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Researchers Puzzled by Strange Radio Signals Coming from Outer Space


Fast radio bursts (FRBs) are basically just rapid pulses of radio signals, first noticed in 2007. They've been a mystery ever since, primarily because while scientists don't think E.T. is trying to phone home, they're not sure quite what they are.

Last year, an FRB was discovered that repeated. This gave experts a chance to really study the bursts and possibly determine their origins. In August of 2017, this burst went into overdrive. Researchers from all over the world tuned in via radio telescopes to listen. Experts from the University of Amsterdam, Netherlands Institute for Radio Astronomy, and the Breakthrough Listen team, as well as a handful of others, presented their findings at the American Astronomical Society's annual meeting in Washington, D.C.

It seems the bursts are embedded in large magnetic fields, something like those that surround black holes. However, because of the power and duration of the signal, scientists believe it to be something a good bit smaller. In this case, a neutron star.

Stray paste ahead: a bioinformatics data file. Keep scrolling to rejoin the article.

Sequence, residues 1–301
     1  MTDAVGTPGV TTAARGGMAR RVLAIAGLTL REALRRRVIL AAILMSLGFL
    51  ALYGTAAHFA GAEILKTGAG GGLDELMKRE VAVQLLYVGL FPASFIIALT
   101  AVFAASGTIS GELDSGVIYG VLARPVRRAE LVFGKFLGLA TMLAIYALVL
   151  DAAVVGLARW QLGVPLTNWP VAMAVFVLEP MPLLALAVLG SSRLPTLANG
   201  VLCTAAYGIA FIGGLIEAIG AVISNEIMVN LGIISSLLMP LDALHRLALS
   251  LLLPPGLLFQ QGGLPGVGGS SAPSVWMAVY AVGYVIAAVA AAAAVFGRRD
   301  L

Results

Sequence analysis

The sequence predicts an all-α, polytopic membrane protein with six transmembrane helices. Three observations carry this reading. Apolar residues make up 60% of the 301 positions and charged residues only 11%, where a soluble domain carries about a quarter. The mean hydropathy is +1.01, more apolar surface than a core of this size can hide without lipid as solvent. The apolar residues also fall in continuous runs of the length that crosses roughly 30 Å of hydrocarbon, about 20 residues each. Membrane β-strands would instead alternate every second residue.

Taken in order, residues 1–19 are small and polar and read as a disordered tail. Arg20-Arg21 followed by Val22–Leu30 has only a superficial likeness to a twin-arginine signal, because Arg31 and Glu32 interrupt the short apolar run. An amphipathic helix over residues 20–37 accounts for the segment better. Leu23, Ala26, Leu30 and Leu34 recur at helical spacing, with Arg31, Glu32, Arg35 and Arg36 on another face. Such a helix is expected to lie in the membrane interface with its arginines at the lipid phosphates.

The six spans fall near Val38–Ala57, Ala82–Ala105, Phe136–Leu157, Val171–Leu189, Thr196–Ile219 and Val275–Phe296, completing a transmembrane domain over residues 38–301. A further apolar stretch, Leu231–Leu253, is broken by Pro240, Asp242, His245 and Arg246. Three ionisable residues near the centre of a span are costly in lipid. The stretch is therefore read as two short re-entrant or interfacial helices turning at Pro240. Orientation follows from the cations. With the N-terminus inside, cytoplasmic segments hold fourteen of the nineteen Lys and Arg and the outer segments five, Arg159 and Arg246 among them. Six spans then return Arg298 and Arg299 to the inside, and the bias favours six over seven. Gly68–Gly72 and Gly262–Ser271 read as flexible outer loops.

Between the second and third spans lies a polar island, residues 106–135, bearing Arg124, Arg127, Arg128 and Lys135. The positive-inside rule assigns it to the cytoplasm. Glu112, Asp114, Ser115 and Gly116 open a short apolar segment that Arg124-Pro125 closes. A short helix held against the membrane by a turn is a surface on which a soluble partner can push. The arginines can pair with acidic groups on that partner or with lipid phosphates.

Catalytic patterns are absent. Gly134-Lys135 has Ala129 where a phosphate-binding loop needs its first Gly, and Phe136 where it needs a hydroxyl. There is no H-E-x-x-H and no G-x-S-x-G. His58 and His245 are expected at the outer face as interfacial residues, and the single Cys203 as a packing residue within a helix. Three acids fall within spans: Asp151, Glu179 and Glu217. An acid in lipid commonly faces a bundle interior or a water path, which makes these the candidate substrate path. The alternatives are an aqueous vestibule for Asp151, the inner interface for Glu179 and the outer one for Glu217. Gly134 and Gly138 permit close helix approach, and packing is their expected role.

A neutron star is basically the small, dense, collapsed core of a star. This is unlike anything the researchers have seen before, but they think an unusual combination of factors is causing the signal to be projected outward.

In their paper, they wrote, "The bursts may therefore come from a neutron star in such an environment or could be explained by other models, such as a highly magnetized wind nebula or supernova remnant surrounding a young neutron star."

UC Berkeley postdoctoral fellow Vishal Gajjar told CNet.com, "At this point, we don't really know the mechanism. There are many questions, such as, how can a rotating neutron star produce the high amount of energy typical of an FRB?"

While the FRBs are fascinating, it doesn't sound like something someone would want to get up close and personal with, according to Shami Chatterjee, senior research associate in astronomy at Cornell University. "If we had one of these on the other side of our own galaxy -- the Milky Way -- it would disrupt radio here on Earth, and we'd notice, as it would saturate the signal levels on our smartphones." She added, "Whatever is happening there is scary. We would not want to be there."